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NINERTIMES

THURsday, august 25, 2011

“Bellflower” introduces a strange mix of romance and apocalyptic violence

Barry Falls

b fa l l s @ u n c c . e d u

Take a dark buddy comedy and add an unexpected romance and some apocolyptic violence, and what you have is the explosive indie flick Bellflower, soon to be featured by Back Alley Film Series this Friday. Last month, Back Alley Film Series screened the Canadian horror comedy Tucker and Dale Vs Evil, a film about two friendly hillbillies whose vacation turns violent after a long string of tragic misunderstandings. The first film screened by the series Trollhunter, documentary-style film about college students uncovering a Norwegian government conspiracy- was just released on Blu Ray and DVD last week. This month’s feature film, Bellflower, follows best friends Woodrow and Aiden who spend all of their free time building Mad Max-inspired flamethrowers and muscle cars in preparation for a global apocalypse. But when Woodrow meets a charismatic young woman and falls hard in love, he and Aiden quickly integrate into a new group of friends, setting off a series of extreme violence. Evan Glodell is the mastermind behind Bellflower, writing the story and screenplay as well as directing, producing and starring in the film. Originally from Wisconsin, Glodell moved to California in his early 20s with a group of close friends to pursue his dream of becoming a filmmaker. Evan has directed many music videos, most notably Cursive’s “Let Me Up.” Working as a cinematographer, Evan shot the featurelength horror movie PLACEBO and the

short film SAVANNA, which screened at the Beverly Hills Film Festival and won an Accolade Competition, ‘Excellence in Film’ award. While Glodell had directed several short films and music videos, Bellflower is his full-length directoral debut. Unfortunately for Glodell, directing short films is not the best paying job. Glodell, determined to make Bellflower a reality in 2008, resorted to selling off all of his personal belongings and living in an abandoned wing of an office building to fund the movie. On a shoestring budget of $17,000, Glodell managed to turn the idea behind Bellflower into a criticallyaclaimed, multi-genre indie adventure, which was released to a satisfied audience last August. According to James Rocchi of MSN Movies, Bellflower is “a weird mix of John Hughes and Mad Max. One of the most strong and stylish critiques of the idiocy and confusion in young manhood since Fight Club. Handmade and heartfelt, Bellflower is intense and darkly gorgeous, with the sunburned intensity of a high-summer fever dream.” While the film’s style seems to be in the same vein as the critically acclaimed cult classic Fight Club, Glodell assured the movie-going audience that Bellflower does not promote violence. “I am a strong believer that stories on film should be told in an exciting way – whatever that means,” Glodell said in a press release. “To me I suppose it translates into tons of fire, violence and insanity, but if I thought I was putting something negative into the world, I would most likely burn it before I would let anyone see it.” The indie flick is also receiving praise for cinematographer Joel Hodge’s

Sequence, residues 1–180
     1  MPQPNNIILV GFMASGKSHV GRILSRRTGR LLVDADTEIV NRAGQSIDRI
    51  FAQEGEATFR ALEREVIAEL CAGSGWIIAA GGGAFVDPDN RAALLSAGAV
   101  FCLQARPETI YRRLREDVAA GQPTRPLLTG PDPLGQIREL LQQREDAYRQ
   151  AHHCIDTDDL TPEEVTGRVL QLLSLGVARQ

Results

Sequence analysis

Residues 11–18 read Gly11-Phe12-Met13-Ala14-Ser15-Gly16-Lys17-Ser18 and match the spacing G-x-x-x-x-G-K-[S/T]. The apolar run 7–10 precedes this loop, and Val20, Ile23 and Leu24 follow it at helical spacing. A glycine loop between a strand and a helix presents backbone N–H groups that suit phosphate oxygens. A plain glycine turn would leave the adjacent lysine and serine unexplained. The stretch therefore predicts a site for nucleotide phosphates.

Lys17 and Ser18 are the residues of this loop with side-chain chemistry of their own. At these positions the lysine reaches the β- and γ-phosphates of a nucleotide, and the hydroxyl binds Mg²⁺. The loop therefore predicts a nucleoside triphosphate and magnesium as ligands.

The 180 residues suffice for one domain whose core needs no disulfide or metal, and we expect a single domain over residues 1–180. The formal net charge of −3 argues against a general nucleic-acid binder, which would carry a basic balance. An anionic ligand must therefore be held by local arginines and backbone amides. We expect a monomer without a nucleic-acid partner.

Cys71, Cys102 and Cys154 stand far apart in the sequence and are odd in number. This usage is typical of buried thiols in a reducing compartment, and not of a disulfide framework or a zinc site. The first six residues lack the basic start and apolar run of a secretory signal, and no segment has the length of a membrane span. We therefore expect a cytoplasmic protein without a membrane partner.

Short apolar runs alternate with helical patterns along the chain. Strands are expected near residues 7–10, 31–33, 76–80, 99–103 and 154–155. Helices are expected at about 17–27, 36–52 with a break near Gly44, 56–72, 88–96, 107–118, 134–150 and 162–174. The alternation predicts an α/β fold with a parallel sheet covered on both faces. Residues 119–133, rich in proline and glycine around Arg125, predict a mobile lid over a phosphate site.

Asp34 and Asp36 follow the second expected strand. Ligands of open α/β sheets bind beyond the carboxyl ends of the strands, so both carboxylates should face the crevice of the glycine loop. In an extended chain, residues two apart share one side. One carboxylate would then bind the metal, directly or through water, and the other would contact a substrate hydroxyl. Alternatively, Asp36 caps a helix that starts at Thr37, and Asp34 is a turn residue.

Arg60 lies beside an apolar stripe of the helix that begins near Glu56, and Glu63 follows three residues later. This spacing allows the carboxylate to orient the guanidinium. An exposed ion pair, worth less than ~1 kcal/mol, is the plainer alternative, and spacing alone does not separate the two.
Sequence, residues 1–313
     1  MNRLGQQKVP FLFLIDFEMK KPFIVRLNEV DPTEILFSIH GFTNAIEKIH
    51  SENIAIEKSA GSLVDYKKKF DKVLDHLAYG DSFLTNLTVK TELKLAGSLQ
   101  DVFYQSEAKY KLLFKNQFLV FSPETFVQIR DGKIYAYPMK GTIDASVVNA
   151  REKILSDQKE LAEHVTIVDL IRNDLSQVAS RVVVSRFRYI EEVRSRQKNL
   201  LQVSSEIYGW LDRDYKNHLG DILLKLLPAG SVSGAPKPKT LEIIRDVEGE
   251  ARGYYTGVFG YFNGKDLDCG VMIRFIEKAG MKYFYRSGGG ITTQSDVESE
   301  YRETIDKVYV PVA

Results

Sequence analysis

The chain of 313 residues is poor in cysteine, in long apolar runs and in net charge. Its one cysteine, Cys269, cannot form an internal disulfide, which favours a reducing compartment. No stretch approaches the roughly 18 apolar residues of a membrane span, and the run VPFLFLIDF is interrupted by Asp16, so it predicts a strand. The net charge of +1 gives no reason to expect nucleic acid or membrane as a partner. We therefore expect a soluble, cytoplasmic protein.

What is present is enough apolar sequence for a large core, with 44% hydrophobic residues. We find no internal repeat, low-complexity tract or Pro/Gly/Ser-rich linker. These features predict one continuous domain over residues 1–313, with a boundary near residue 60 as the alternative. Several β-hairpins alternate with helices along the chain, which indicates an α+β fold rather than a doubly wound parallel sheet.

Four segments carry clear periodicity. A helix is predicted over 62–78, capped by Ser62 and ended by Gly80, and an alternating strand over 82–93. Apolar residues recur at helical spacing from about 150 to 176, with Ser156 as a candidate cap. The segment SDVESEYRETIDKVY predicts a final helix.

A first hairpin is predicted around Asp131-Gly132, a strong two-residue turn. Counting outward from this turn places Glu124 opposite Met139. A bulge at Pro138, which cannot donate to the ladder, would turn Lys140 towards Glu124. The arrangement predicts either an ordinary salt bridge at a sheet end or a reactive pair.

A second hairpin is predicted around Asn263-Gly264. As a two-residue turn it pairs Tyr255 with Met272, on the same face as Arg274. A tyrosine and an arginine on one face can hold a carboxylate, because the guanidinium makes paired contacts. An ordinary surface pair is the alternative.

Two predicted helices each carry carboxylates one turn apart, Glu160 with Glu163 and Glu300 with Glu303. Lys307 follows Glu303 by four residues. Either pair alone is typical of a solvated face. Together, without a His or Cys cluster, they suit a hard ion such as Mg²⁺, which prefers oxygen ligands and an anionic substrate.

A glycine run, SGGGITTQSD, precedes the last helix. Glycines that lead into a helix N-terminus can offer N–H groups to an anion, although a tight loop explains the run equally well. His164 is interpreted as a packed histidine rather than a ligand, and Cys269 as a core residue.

shooting style. Hodges utilizes a camera built by Evan Glodell, who combined vintage camera parts, bellows and Russian lenses, around a Silicon Imaging SI-2K Mini Digital Cinema camera. The most notable camera, the Coatwolf Model II, was created exclusively for Bellflower.